The Physical Layer

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The Physical Layer

Chapter 2

CN5E by Tanenbaum & Wetherall, © Pearson Education
-
Prentice Hall and D. Wetherall, 2011


Theoretical Basis for Data Communications


Guided Transmission Media


Wireless Transmission


Communication Satellites


Digital Modulation and Multiplexing


Public Switched Telephone Network


Mobile Telephone System


Cable Television


R
evised: August 2011

The Physical Layer

CN5E by Tanenbaum & Wetherall, © Pearson Education
-
Prentice Hall and D. Wetherall, 2011

Foundation on which other layers build


Properties of wires, fiber, wireless
limit what the network can do


Key problem is to send (digital) bits
using only (analog) signals


This is called modulation


Physical

Link

Network

Transport

Application

Theoretical Basis for Data Communication

Communication rates have fundamental limits



Fourier analysis
»


Bandwidth
-
limited signals
»


Maximum data rate of a channel
»


CN5E by Tanenbaum & Wetherall, © Pearson Education
-
Prentice Hall and D. Wetherall, 2011

Fourier Analysis

A time
-
varying signal can be equivalently represented as a
series of frequency components (harmonics):



CN5E by Tanenbaum & Wetherall, © Pearson Education
-
Prentice Hall and D. Wetherall, 2011

a
, b weights of harmonics

Signal over time

=

Bandwidth
-
Limited Signals

Having less bandwidth (harmonics) degrades the signal

CN5E by Tanenbaum & Wetherall, © Pearson Education
-
Prentice Hall and D. Wetherall, 2011

8 harmonics

4

harmonics

2 harmonics

Lost!

Bandwidth

Lost!

Lost!

Maximum Data Rate of a Channel

Nyquist’s

theorem relates the data rate to the bandwidth
(B) and number of signal levels (V):



Shannon's theorem relates the data rate to the bandwidth
(B) and signal strength (S) relative to the noise (N):



CN5E by Tanenbaum & Wetherall, © Pearson Education
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Prentice Hall and D. Wetherall, 2011

Max. data rate = 2B log
2
V bits/sec

Max. data rate = B log
2
(1 + S/N) bits/sec

How fast signal

c
an change

How many levels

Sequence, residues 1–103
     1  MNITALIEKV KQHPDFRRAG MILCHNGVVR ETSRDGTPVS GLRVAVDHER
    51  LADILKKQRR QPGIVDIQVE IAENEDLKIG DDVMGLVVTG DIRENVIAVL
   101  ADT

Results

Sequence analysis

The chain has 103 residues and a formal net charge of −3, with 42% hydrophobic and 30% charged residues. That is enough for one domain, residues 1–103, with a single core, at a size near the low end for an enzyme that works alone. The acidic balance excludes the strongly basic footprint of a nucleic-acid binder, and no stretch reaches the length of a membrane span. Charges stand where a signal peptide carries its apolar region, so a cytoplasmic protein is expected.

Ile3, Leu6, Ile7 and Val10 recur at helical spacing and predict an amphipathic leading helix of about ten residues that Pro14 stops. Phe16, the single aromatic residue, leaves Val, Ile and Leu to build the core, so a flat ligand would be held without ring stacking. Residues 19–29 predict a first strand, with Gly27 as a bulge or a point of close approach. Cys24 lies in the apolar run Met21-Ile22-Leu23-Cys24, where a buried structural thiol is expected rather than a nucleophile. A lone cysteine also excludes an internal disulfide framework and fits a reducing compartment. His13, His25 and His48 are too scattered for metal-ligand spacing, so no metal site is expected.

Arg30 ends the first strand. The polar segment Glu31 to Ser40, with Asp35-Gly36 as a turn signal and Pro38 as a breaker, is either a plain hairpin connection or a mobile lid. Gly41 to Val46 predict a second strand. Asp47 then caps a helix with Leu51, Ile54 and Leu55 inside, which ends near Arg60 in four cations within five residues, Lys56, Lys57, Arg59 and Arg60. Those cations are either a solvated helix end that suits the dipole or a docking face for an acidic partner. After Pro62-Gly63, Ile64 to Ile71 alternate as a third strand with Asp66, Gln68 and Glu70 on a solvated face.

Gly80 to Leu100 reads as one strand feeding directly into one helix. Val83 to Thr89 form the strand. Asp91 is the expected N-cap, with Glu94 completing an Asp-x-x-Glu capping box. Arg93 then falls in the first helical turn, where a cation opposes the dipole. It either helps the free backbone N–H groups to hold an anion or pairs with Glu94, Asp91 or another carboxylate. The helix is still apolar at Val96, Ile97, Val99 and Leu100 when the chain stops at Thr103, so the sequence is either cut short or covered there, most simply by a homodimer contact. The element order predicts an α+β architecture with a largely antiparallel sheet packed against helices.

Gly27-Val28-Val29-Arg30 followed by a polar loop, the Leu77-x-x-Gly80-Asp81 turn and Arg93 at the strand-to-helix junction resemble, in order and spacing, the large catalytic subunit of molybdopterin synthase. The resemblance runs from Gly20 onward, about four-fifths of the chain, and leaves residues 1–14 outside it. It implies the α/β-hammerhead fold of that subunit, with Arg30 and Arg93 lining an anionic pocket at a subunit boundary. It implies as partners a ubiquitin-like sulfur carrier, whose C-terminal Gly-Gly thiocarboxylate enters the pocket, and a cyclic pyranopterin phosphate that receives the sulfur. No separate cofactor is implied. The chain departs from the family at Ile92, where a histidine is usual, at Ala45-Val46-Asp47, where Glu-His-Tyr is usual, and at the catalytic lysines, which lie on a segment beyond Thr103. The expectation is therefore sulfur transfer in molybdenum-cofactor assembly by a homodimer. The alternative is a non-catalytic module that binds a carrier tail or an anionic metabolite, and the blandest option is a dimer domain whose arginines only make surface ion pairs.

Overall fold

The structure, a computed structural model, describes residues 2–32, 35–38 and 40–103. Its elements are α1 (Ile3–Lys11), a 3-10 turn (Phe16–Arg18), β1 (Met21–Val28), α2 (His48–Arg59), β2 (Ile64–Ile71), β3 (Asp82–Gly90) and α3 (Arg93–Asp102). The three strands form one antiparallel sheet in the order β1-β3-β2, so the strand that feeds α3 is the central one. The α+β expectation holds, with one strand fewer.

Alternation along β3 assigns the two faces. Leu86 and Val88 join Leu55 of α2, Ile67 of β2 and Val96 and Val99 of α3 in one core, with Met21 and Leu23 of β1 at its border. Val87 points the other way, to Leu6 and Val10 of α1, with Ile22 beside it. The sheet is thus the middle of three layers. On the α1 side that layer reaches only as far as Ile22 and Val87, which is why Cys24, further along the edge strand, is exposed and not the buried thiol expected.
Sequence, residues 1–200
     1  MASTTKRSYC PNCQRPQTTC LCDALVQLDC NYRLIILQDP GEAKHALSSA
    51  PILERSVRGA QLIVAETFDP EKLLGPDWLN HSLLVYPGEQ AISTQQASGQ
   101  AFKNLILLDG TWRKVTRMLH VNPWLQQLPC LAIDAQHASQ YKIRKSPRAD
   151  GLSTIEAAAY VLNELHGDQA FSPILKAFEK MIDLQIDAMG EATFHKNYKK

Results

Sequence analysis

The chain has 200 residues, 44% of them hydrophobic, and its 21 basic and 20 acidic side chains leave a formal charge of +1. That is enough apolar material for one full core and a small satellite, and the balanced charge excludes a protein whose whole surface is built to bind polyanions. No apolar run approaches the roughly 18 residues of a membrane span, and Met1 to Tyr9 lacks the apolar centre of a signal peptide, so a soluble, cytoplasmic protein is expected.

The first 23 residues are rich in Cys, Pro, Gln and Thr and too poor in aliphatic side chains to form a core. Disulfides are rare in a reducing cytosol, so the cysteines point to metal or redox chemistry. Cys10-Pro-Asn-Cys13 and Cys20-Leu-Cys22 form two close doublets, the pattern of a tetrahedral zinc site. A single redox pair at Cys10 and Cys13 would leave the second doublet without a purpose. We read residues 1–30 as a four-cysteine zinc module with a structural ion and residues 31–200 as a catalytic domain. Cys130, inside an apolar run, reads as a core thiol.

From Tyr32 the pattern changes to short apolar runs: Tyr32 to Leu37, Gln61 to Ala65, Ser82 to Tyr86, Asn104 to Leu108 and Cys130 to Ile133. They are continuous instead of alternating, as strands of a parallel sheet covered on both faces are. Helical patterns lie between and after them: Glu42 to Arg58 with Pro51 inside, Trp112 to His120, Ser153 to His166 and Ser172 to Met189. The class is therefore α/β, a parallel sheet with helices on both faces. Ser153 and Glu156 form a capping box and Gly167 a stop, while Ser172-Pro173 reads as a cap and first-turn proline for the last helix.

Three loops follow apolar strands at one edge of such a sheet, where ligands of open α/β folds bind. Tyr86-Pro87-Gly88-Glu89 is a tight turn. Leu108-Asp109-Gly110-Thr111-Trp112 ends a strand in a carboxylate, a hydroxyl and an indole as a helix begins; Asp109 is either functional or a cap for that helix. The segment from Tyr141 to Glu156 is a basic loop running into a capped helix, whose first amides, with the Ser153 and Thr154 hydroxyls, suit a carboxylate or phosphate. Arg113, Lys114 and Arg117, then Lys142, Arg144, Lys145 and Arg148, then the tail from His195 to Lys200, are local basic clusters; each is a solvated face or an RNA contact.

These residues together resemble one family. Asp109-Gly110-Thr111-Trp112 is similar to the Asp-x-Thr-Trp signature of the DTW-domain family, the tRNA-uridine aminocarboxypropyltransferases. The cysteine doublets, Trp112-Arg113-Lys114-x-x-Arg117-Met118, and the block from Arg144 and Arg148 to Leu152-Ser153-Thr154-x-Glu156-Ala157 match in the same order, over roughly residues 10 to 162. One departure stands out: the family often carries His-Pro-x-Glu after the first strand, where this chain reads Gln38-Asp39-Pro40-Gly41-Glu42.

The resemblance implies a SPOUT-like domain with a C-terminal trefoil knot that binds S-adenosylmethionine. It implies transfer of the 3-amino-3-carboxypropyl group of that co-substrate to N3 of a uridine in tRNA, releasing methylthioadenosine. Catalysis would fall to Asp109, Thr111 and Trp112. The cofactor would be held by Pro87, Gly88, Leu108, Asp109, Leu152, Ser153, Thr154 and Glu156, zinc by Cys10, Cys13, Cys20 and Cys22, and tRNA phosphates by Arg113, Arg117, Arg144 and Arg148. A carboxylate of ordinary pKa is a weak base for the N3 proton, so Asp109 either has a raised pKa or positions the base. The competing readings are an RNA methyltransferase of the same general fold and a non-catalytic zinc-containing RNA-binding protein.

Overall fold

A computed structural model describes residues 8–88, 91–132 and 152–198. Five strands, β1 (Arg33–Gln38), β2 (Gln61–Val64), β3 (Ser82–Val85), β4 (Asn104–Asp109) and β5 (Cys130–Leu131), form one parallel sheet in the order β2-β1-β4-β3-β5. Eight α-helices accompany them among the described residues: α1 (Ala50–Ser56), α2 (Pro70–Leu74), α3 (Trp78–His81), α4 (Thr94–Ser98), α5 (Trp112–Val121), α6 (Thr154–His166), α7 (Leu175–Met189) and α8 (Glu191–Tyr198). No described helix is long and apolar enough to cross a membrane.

c
an be seen

Guided Transmission (Wires & Fiber)

CN5E by Tanenbaum & Wetherall, © Pearson Education
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Prentice Hall and D. Wetherall, 2011

Media have different properties, hence performance


Wires:


Twisted pairs
»


Coaxial cable
»


Power lines
»


Fiber cables
»


Wires


Twisted Pair

CN5E by Tanenbaum & Wetherall, © Pearson Education
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Prentice Hall and D. Wetherall, 2011

Very common; used in LANs, telephone lines


Twists reduce radiated signal (interference)

Category 5 UTP cable
with four twisted pairs

Link Terminology

CN5E by Tanenbaum & Wetherall, © Pearson Education
-
Prentice Hall and D. Wetherall, 2011

Full
-
duplex

link


Used for transmission in both directions at once


e.g., use different twisted pairs for each direction

Half
-
duplex

link


Both directions, but not at the same time


e.g., senders take turns on a wireless channel

Simplex

link


Only one fixed direction at all times; not common

Wires


Coaxial Cable (“Co
-
ax”)

CN5E by Tanenbaum & Wetherall, © Pearson Education
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Prentice Hall and D. Wetherall, 2011

Also common. Better shielding and more bandwidth for
longer distances and higher rates than twisted pair.

Wires


Power Lines

CN5E by Tanenbaum & Wetherall, © Pearson Education
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Prentice Hall and D. Wetherall, 2011

Household electrical wiring is another example of wires


Convenient to use, but horrible for sending data

Fiber Cables (1)

CN5E by Tanenbaum & Wetherall, © Pearson Education
-
Prentice Hall and D. Wetherall, 2011

Common for high rates and long distances


Long distance ISP links, Fiber
-
to
-
the
-
Home


Light carried in very long, thin strand of glass

Light source

(LED, laser)

Photodetector

Light trapped by

t
otal internal reflection

Fiber Cables (2)

CN5E by Tanenbaum & Wetherall, © Pearson Education
-
Prentice Hall and D. Wetherall, 2011

Fiber has enormous bandwidth (THz) and tiny signal
loss


hence high rates over long distances

Fiber Cables (3)

CN5E by Tanenbaum & Wetherall, © Pearson Education
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Prentice Hall and D. Wetherall, 2011

Single
-
mode


Core so narrow (10um) light
can’t even bounce around


Used with lasers for long
distances, e.g., 100km


Multi
-
mode


Other main type of fiber


Light can bounce (50um core)


Used with LEDs for cheaper,
shorter distance links

Fibers in a cable

Comparison of the properties of wires

and fiber:

Fiber Cables (4)

CN5E by Tanenbaum & Wetherall, © Pearson Education
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Prentice Hall and D. Wetherall, 2011

Property

Wires

Fiber

Distance

Short

(100s of m)

Long (tens

of km)

Bandwidth

Moderate

Very High

Cost

Inexpensive

Less

cheap

Convenience

Easy to

use

Less

easy

Security

Easy to tap

Hard to tap

Wireless Transmission

CN5E by Tanenbaum & Wetherall, © Pearson Education
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Prentice Hall and D. Wetherall, 2011